However he said the state Senate and governor would need to agree on the details such as a rate, adding that ‘the governor still has the ability to say yea or nay.’
Cuomo suggested Wednesday he plans to delay any tax increase until after Joe Biden enters the White House in January, in the hope that the government will approve federal aid to plug the deficit instead.
‘I believe President Biden will correct the situation,’ the governor said in a press conference of the Democratic president-elect who takes office on January 20.
‘He gets it [but] the problem is he has to get into office and then he has to propose a budget, so we’re looking at February, March.’
Cuomo hit out at Congress for its current ongoing negotiations over a federal stimulus package that has no provision to send money to deficit-ridden states.
‘It’s madness. Hyper-political. Parochialism. Madness,’ he said.
Cuomo was speaking after Biden held a phone call with several state governors Wednesday, discussing a federal stimulus package.
The governor said he was holding out hope that a tax hike is avoidable if the federal government steps up to the task.
He said an increase should be decided upon as part of an overall state budget plan in the new year and warned that planning now could also result in massive funding cuts to essential services like healthcare.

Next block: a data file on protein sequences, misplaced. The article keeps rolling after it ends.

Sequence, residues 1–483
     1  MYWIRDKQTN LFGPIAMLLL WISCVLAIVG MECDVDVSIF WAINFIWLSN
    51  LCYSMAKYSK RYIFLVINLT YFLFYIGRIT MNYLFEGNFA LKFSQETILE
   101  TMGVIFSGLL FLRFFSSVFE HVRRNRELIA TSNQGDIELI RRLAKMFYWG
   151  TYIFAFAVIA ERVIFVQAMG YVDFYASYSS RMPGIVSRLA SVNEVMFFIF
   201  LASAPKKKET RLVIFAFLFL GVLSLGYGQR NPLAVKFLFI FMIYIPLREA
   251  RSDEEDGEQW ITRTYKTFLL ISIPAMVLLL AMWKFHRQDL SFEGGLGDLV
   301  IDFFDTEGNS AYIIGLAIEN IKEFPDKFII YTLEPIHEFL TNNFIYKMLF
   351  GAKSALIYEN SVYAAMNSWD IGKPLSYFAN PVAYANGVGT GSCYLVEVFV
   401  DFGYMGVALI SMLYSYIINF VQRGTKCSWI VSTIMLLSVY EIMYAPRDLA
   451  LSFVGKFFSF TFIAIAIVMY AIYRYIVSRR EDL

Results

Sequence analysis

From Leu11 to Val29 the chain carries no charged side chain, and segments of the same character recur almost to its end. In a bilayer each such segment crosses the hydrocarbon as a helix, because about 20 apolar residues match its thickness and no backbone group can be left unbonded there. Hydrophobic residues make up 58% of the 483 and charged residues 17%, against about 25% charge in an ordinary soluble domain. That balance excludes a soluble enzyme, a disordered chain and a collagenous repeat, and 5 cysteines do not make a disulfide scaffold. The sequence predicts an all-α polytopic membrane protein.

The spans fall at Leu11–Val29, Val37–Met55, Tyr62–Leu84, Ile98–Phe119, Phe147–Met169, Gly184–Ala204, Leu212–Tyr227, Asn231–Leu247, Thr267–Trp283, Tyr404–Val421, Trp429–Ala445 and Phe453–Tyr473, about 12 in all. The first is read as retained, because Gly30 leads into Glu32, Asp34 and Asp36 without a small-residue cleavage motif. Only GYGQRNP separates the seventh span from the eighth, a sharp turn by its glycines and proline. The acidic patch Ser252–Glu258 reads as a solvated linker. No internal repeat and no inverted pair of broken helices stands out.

Democratic Assembly Speaker Carl Heastie (above) from the Bronx said Monday the state needs to act ‘now’ to increase rates on its wealthiest residents so they can take effect from January, in order to plug the gaping hole in the state budget left by the coronavirus pandemic
‘I favor waiting until next year,’ Cuomo said.
Heastie – a longtime ally – hit out at Cuomo on Twitter for pushing to delay action.
‘I am confused by the Governor’s logic. He hasn’t cut anything so far. We are hoping to give him more revenue to ease the fiscal strain and help maintain essential services until the federal government provides assistance, and he is threatening cuts,’ Heastie tweeted.
‘In 2011, we came back to extend the millionaires tax without doing the entire budget… Any additional revenue still helps.
‘I am a very concerned that the federal government is cutting away $160 billion in state and local aid from the federal stimulus package.’
He continued: ‘We now have wait more than a month for President-elect Biden to take office, and also hope that the Democrats win the two seats in Georgia.
‘The Assembly was willing to do tax increases in March as part of the previous budget.
‘With $11 billion in borrowing authority and $2.5 billion in unencumbered reserves, the Governor doesn’t need to cut and he can wait for the federal government.’
Until last week, Cuomo vowed not to drive out the rich by implementing tax hikes at all.
He even offered to buy them a drink if they moved back to the state after many fled at the height of the pandemic.